Jazz

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Going The Distance

08 JUL 11 JOHN C. BRUENING

Ninety Miles, the new collaborative recording featuring vibraphonist Stefon Harris, saxophonist David Sánchez and trumpeter Christian Scott, is an example of how music in general and jazz in particular can bridge geographical and ideological differences.

Named for the relatively short distance between the southern tip of Florida and the northern coast of Cuba, Ninety Miles was recorded in Havana, with the help of two highly talented and versatile quartets -- one led by pianist Rember Duharte and the other by pianist Harold López-Nussa.

The nine-song recording captures the rehearsal sessions for a live performance in Havana in May 2010, an event arranged -- after more than a year of international red tape -- by John Burk, executive vice president of A&R at Concord Music Group, and producer of the album.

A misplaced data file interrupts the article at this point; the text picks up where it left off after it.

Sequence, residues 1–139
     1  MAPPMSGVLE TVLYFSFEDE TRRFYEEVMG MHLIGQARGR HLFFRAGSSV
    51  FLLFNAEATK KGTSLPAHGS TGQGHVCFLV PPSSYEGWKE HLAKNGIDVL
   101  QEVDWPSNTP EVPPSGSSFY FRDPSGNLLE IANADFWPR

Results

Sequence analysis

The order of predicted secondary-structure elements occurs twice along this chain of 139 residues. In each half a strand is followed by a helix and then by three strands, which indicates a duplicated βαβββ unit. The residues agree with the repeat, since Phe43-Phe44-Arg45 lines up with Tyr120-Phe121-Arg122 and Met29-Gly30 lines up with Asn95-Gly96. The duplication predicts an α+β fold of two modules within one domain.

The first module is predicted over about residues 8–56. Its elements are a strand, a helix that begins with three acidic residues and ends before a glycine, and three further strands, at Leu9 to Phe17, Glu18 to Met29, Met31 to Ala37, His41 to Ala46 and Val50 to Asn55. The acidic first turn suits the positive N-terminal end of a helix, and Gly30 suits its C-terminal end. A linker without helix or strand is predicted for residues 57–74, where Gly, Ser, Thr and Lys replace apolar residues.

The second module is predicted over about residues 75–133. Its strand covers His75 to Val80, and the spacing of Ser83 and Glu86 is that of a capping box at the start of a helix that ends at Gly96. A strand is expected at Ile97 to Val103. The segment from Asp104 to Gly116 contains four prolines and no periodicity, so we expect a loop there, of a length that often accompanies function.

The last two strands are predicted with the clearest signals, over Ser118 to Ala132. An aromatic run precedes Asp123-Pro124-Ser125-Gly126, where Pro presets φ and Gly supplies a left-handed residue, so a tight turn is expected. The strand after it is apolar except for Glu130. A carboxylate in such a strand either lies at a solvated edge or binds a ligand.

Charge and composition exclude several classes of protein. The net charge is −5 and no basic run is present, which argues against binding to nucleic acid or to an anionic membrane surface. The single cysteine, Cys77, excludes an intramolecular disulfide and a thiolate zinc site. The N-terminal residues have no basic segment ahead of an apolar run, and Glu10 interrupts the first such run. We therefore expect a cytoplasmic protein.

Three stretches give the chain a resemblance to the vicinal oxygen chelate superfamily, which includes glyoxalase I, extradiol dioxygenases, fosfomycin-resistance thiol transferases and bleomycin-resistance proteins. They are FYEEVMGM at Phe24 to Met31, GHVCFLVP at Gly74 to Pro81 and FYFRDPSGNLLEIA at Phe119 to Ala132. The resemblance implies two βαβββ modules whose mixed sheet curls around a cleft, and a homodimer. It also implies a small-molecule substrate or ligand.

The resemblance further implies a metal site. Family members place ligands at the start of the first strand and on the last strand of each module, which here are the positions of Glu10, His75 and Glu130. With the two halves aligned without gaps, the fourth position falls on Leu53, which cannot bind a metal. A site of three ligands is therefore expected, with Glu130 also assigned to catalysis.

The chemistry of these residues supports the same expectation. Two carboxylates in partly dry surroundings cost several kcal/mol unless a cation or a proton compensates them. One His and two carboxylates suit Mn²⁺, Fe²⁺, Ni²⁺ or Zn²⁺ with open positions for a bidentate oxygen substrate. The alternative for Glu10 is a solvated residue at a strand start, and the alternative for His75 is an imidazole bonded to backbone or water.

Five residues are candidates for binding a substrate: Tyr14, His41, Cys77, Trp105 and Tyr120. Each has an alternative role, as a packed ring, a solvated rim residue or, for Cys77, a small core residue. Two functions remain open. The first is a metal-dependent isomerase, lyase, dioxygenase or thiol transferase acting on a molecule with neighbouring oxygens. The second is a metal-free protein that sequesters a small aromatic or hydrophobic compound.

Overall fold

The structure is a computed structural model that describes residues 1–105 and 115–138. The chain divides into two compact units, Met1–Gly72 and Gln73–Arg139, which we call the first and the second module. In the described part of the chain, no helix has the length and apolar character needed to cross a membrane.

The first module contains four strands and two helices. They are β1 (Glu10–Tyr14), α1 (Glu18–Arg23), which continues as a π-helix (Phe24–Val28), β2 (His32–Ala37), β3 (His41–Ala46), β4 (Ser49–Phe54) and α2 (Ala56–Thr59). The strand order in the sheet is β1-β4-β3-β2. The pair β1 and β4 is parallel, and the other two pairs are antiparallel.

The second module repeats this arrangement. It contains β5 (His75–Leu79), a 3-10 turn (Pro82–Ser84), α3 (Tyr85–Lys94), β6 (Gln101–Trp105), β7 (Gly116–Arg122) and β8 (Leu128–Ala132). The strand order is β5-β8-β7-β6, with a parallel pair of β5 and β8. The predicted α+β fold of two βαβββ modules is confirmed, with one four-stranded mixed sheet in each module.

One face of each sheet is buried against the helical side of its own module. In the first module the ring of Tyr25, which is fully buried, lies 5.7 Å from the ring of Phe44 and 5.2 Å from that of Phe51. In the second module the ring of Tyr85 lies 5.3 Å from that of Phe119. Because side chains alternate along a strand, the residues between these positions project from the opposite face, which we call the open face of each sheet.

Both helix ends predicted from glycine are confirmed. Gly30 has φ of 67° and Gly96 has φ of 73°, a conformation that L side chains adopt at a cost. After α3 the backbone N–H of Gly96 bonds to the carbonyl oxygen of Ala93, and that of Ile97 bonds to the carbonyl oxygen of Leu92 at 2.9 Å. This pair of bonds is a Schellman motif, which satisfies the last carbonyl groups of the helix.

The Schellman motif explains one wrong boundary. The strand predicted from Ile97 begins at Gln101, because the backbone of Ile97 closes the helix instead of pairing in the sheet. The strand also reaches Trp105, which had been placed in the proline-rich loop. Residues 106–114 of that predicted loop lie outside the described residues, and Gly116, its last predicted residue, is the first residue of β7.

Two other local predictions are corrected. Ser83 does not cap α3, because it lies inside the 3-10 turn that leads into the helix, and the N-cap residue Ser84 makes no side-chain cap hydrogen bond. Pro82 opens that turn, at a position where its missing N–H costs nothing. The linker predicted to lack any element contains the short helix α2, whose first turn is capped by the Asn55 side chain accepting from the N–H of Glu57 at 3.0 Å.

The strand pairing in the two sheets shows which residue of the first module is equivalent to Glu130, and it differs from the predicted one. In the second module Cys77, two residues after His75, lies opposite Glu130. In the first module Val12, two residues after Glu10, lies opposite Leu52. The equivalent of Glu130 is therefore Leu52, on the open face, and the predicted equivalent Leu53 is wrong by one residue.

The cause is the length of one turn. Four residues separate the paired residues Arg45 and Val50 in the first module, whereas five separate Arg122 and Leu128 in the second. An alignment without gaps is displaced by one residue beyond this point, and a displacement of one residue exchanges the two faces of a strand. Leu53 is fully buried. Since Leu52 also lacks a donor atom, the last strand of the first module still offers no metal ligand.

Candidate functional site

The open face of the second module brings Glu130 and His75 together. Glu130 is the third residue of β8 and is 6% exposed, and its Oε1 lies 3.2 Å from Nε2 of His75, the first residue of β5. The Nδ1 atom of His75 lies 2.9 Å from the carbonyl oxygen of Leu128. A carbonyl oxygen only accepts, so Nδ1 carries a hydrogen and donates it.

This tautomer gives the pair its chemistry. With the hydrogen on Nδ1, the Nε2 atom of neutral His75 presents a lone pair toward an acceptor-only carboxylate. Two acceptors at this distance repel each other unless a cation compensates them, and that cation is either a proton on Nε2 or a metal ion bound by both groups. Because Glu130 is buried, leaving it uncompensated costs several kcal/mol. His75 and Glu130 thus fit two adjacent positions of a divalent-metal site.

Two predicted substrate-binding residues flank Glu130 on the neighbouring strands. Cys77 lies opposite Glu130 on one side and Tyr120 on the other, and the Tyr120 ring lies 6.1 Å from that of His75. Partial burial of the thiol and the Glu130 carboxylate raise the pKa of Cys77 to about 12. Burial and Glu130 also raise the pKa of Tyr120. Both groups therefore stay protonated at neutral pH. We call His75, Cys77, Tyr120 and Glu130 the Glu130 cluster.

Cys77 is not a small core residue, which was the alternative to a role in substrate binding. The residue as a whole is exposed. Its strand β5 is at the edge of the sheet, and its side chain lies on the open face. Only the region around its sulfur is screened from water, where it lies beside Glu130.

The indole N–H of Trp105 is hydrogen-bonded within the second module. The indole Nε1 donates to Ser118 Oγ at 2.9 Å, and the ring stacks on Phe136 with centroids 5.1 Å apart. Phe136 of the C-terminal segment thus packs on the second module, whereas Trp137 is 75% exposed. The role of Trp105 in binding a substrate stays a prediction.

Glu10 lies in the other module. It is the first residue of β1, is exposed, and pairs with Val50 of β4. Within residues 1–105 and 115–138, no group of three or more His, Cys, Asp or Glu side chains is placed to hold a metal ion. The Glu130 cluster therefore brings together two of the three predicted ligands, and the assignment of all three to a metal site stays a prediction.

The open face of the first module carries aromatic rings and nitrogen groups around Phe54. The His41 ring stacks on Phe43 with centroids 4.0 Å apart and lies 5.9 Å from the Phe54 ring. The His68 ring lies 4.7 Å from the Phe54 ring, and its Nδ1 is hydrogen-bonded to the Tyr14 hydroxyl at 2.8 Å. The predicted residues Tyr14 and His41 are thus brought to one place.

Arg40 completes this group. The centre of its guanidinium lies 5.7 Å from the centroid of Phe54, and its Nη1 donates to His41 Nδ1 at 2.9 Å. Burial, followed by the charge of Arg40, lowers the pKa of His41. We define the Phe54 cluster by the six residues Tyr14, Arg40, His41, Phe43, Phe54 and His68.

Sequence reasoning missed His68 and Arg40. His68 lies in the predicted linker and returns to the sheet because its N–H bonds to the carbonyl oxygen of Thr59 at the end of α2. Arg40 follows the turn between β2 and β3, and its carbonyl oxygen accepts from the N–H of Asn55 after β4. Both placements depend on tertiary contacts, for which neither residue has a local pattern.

Harris' soulful "Brown Belle Blues" is actually inspired by the insistent groove of Duharte's rhythm section, while Sánchez's "City Sunrise" derives its world-music vibe from the music of Cameroon. Sánchez's "Forgotten Ones" is a tribute to the people of post-Katrina New Orleans. Each of the Cuban pianists contributes a couple of songs as well, making the set a truly cross-cultural affair.

The release also includes a DVD that offers a sneak peek at the forthcoming Ninety Miles documentary that chronicles the recording process.

More than just a jazz recording, Ninety Miles "is about the power of music to communicate, and break down some of the barriers that result from language and politics and culture," says Burk. "This record does illustrate a way -- or at least the ability -- for people to work together despite differences."